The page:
I'm trying to extract a string from a group of strings stored in a variable, say foo, in bash:

foo="I foobar you"

using awk, but I got different results when I wrapped awk with single and double quotes:

$ echo $foo | awk '{print $2}'
$ foobar

$ echo $foo | awk "{print $2}"
$ I foobar you

Could anyone tell me why ' and " cause different results when wrapping awk?

  • You need to read up on shell quoting rules. They will answer your question and will additionally tell you why echo $foobar is bad code that should instead be written echo "$foobar". Always quote your shell variables unless you have a very specific purpose in mind by leaving them unquoted and fully understand all the implications, side effects and caveats. – Ed Morton Dec 6 '17 at 18:47
up vote 3 down vote accepted

It is because when using double-quotes the the shell tries to expand it as a positional parameter or a variable before passing it to awk. In your case it tries to expand $1 but finds no value for it, and so the expansion results to nothing and that's why you get the default print action in awk to print the whole line.

The reason why we single quote the awk commands is that we want a plain string and not modified/tampered by the shell by any means before processed by the Awk command itself which understands $1 as the first field (with default space delimiter)

  • You should just make it 100% clear that this has absolutely nothing to do with awk. awk simply interprets the script that the shell passes to it. For example when you say it tries to expand $1 - to be clear it in that context is the shell, not awk. The shell is the one that's interpreting the quotes and figuring out what to pass to awk and it behaves the same whether it's passing a script to awk or sed or any other command. – Ed Morton Dec 6 '17 at 18:44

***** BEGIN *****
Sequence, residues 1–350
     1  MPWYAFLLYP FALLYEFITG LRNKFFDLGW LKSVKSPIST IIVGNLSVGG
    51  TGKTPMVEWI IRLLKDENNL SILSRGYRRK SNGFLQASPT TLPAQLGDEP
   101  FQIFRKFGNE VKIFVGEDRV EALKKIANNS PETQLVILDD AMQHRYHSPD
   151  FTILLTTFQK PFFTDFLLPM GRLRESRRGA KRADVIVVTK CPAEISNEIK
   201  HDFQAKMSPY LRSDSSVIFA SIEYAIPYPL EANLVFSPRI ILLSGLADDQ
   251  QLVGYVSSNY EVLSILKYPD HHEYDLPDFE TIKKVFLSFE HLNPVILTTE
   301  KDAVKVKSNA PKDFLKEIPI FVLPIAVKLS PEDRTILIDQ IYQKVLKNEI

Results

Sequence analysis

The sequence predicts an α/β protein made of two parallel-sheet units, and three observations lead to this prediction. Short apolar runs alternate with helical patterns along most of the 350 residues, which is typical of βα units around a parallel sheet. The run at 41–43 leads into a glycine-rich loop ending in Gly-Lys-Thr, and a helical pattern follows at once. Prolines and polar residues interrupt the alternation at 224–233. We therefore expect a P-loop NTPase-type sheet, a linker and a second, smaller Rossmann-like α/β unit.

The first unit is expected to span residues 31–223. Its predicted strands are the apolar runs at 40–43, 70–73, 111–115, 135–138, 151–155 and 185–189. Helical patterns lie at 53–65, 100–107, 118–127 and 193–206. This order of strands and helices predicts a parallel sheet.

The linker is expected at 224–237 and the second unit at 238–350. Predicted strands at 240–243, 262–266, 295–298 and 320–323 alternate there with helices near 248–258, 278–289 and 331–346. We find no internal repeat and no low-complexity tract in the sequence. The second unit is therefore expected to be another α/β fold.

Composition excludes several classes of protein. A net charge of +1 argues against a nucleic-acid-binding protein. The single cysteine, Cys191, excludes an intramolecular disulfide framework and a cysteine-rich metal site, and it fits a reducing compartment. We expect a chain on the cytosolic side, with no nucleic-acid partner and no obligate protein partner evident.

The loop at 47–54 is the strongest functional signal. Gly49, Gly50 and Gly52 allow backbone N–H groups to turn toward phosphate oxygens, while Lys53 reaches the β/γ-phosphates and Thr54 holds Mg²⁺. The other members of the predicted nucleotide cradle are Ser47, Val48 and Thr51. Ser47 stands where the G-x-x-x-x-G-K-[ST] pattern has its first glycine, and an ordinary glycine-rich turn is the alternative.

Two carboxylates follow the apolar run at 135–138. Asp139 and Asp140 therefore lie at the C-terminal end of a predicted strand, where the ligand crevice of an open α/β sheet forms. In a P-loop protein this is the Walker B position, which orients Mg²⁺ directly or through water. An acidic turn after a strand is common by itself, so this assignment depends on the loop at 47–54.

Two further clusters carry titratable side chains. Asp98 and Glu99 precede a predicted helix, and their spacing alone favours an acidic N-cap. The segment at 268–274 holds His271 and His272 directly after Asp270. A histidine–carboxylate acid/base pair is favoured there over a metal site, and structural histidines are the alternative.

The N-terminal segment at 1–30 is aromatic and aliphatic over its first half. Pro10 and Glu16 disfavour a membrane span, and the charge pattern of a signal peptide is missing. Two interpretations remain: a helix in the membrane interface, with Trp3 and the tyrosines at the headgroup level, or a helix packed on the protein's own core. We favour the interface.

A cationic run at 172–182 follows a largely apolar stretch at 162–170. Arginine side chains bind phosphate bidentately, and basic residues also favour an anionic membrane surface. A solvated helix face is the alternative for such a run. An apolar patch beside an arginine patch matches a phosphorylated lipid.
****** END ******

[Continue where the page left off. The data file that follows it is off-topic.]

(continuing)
According to shell quoting rules:

  • Single quotes (‘ ‘) protect everything between the opening and closing quotes. The shell does no interpretation of the quoted text, passing it on verbatim to the command.

    As in your code {print $2} passed on as it is to awk as an action:
    $ echo $foo | awk '{print $2}'
    $ foobar

  • Double quotes (“ “) protect most things between the opening and closing quotes. The shell does at least variable and command substitution on the quoted text. Different shells may do additional kinds of processing on double-quoted text. Because certain characters within double-quoted text are processed by the shell, they must be escaped within the text. Of note are the characters ‘$’, ‘‘’, ‘\’, and ‘"’, all of which must be preceded by a backslash within double-quoted text if they are to be passed on literally to the program.

    So you have to escape $ to get the value of second col as:
    $ echo $foo | awk "{print \$2}"
    $ foobar
    otherwise awk is doing its default action of printing the whole line as in your case.

  • Fully agreed with @Ed Mortan regarding the best practice of quoting the shell variables. Although the double quotes are default, but if accidentally ….
    $ echo "$foo" with double quotes
    $ I foobar you

    $ echo ‘$foo’ with single quotes
    $ $foo

  • Remember, quoting rules are specific to shell. The above rules only apply to POSIX-complaint, Bourne-style shells (such as Bash, the GNU Bourne-Again Shell). It has nothing to do with awk, sed, grep, etc…

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